Written by Jay Anderson
For many people, their dog is their best friend…….reliable, happy, fun, a constant companion, a listening ear, non-judgemental and enthusiastic. For many families, individuals and couples in the community, some dogs are part of the family, living inside or outside. Down at the park, off to the beach, walking in the neighbourhood – dogs fit in anywhere…..Whether you walk your dog “on a lead” or let your dog “run free”, communicating with your dog is important for the whole family
For all of us, communication is essential to living. If you were living with someone from another country, another culture or another planet you would need to work hard at understanding them, at focusing on how best to communicate. We would use our eyes and ears to notice – our voice and hands and body to speak, move and signal. So if you think about this all – about watching, listening, noticing and then responding – you are on the best path to a positive and interactive relationship with your dog. The most important consideration is observation and then connection – communication with voice and body language.
Dogs use a number of things to communicate with us:
- Eye movement and eye contact
- Using sound (barks)
- Tail posture and position
- Mouth position - Tongue flicking
- Exposing their belly, lying on their back
- Bringing things to you
- Leaning against you
- Yawning and sneezing
- Playful/play bowing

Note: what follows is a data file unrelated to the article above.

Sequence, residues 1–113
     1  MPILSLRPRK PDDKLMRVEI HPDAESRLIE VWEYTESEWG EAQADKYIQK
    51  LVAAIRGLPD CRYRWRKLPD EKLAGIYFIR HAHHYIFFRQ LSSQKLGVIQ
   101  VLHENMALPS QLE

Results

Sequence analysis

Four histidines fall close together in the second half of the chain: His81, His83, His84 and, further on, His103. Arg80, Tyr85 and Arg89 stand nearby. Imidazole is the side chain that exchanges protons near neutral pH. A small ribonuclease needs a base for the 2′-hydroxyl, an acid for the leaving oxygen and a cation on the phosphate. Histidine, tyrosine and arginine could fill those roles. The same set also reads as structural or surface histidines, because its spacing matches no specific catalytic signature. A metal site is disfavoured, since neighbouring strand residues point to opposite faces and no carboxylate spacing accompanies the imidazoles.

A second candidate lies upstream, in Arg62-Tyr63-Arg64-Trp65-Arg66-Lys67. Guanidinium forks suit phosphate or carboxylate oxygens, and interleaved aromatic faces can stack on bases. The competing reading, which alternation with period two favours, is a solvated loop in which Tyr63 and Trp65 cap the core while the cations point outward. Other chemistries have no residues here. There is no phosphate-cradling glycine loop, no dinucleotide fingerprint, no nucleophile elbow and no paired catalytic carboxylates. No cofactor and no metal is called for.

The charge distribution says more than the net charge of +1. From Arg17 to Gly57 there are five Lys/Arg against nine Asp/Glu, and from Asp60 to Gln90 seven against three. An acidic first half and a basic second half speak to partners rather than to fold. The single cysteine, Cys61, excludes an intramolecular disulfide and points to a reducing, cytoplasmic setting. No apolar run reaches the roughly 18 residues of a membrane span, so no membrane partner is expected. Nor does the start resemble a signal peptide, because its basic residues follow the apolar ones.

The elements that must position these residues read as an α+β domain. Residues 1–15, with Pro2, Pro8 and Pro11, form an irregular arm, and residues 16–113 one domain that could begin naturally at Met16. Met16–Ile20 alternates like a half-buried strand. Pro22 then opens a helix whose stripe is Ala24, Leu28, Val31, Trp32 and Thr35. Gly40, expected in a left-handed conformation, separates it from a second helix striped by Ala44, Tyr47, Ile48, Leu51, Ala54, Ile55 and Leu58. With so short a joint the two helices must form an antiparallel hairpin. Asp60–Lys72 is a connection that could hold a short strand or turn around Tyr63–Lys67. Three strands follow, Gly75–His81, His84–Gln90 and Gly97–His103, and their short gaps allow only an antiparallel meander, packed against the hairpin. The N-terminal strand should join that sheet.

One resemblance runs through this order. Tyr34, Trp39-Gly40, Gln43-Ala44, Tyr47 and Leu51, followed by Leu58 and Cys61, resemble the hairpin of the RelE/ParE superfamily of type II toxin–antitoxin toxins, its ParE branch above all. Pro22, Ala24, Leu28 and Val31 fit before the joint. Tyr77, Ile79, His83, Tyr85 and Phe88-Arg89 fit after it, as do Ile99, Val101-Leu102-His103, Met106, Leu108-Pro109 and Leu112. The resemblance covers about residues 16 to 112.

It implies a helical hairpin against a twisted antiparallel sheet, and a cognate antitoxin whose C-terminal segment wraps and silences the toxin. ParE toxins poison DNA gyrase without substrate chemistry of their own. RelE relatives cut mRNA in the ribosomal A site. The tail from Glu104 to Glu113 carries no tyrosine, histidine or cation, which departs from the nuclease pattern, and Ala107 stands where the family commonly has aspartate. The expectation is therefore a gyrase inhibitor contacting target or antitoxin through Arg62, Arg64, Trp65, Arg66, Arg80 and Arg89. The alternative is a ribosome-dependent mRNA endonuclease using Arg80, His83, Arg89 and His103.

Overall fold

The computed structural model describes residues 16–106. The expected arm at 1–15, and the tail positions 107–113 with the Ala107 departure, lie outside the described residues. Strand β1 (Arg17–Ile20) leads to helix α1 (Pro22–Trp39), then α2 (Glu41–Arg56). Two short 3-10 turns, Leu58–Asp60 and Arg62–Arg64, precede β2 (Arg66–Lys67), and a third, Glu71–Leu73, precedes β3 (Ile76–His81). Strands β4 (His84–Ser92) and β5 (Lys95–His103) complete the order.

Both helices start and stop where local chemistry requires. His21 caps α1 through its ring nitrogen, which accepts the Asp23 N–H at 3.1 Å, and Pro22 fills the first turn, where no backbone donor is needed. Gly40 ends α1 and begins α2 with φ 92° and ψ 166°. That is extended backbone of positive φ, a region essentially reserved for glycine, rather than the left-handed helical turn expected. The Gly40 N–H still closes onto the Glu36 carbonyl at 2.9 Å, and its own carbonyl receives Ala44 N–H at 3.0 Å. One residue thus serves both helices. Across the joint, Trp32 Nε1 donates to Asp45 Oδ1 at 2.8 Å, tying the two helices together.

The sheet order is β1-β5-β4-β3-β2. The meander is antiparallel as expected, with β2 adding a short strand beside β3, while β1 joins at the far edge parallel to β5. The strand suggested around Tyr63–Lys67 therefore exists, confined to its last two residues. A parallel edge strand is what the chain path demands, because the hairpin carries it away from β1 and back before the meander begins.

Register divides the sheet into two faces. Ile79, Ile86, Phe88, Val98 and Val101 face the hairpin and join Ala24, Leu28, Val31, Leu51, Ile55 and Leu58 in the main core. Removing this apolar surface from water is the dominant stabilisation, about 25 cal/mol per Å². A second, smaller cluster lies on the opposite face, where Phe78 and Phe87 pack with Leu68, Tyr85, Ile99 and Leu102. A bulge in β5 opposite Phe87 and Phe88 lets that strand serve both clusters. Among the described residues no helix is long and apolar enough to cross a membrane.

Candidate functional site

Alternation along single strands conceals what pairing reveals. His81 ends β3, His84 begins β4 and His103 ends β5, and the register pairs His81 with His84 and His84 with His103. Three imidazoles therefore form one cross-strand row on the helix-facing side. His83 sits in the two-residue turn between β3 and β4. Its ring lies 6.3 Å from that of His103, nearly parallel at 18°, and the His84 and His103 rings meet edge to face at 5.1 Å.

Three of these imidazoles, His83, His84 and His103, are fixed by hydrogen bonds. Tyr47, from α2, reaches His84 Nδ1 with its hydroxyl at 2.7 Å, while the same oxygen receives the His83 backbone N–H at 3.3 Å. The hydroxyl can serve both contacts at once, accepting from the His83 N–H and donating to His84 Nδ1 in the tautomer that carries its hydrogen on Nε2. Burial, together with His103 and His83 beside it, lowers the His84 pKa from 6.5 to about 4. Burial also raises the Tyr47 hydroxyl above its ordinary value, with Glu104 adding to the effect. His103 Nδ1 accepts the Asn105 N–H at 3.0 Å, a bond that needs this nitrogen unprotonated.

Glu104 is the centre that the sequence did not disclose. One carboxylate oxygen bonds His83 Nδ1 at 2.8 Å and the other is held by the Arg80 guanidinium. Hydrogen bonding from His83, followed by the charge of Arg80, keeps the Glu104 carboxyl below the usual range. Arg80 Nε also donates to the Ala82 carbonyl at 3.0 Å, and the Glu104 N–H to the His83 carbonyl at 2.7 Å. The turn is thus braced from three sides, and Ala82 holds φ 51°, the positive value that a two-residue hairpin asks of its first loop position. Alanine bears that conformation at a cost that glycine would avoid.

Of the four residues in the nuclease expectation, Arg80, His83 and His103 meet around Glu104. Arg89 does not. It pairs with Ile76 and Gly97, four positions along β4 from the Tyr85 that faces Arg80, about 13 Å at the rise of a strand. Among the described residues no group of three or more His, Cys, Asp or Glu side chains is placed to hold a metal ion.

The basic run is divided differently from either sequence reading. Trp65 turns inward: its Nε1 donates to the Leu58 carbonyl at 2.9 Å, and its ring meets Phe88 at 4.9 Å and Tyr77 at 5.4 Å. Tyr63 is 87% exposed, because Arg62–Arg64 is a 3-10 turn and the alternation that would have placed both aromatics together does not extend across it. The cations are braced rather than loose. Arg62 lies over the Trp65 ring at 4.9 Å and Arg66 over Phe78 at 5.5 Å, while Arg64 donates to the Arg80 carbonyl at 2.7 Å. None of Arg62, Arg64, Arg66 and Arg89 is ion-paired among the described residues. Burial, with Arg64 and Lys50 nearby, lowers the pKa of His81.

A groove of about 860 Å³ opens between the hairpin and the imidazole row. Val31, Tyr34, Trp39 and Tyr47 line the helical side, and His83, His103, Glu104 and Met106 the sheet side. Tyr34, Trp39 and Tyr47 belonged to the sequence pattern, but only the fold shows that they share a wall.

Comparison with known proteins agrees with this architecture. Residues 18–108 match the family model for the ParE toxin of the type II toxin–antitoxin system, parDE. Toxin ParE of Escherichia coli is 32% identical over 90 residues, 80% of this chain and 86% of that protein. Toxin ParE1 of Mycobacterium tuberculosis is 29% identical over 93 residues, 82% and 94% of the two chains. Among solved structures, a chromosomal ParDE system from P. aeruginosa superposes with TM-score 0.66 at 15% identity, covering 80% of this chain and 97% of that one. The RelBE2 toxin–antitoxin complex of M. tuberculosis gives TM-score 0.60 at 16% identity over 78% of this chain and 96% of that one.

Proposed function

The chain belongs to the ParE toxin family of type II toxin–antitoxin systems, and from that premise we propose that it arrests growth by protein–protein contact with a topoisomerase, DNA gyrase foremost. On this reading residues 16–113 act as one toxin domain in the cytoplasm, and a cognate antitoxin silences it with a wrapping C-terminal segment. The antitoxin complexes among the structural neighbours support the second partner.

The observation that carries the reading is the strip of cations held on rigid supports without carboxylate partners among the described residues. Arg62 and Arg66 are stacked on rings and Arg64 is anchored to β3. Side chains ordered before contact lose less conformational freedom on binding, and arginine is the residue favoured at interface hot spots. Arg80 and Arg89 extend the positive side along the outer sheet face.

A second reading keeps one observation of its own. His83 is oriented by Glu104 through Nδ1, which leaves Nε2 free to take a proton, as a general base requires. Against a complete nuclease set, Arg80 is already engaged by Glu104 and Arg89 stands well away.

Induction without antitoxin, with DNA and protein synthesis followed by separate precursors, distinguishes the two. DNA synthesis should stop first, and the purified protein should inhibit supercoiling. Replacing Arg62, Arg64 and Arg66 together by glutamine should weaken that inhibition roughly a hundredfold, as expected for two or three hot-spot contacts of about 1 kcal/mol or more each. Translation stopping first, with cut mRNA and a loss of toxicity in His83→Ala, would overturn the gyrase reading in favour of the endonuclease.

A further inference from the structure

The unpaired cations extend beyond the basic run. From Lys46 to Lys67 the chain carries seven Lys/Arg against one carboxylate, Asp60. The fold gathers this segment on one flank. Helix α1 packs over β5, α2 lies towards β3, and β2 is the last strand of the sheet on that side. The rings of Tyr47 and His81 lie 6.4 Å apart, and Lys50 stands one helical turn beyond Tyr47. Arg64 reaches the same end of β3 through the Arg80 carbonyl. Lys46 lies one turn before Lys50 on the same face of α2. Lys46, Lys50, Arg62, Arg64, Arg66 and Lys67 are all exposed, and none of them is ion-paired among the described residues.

- Freezing or stopping suddenly
- Raising a paw
If you live with a dog you will notice there are different types of barks – different tones and different frequency/rate. Check out how your dog looks at you and what it does. You might notice that there are different tail postures and head movements to indicate different things. Humans are discovering that Dog-human and dog communication is infinitely more complex than these basic cues: posture, tail movement, and vocalizations. And many people realise that these cues differ depending on the situation and may also vary by individual dog and breed.
Actually, dogs are quite good at communicating. Often though, Us humans, miss the cues or don’t understand. It is important that we can understand each other – for survival, safety and connecting. At times, we need our dog to understand that we want our dog to come to us, or to understand us – and at other times, our dog needs us to know it is hungry, thirsty or hurt. So by listening and watching your dog, you can improve your understanding of each other.
The whole family can get out and about with your dog. Do pay particular attention to how your dog is with saying “hello” to another dog when both dogs are on “lead” versus, how your dog is when it is free, and another dog is on “lead” versus how your dog is on “lead” when another dog is “free” – and how both dogs are when they are both free!! even our human body language can differ in these situations. But it can be useful and interesting to know your dogs differing responses and understand your dog’s communication better. Enjoy some time together……. Pay closer attention to what your dog is saying to you – to the adults, and to the kids. A greater understanding will help everyone in the family connect better. Have fun!!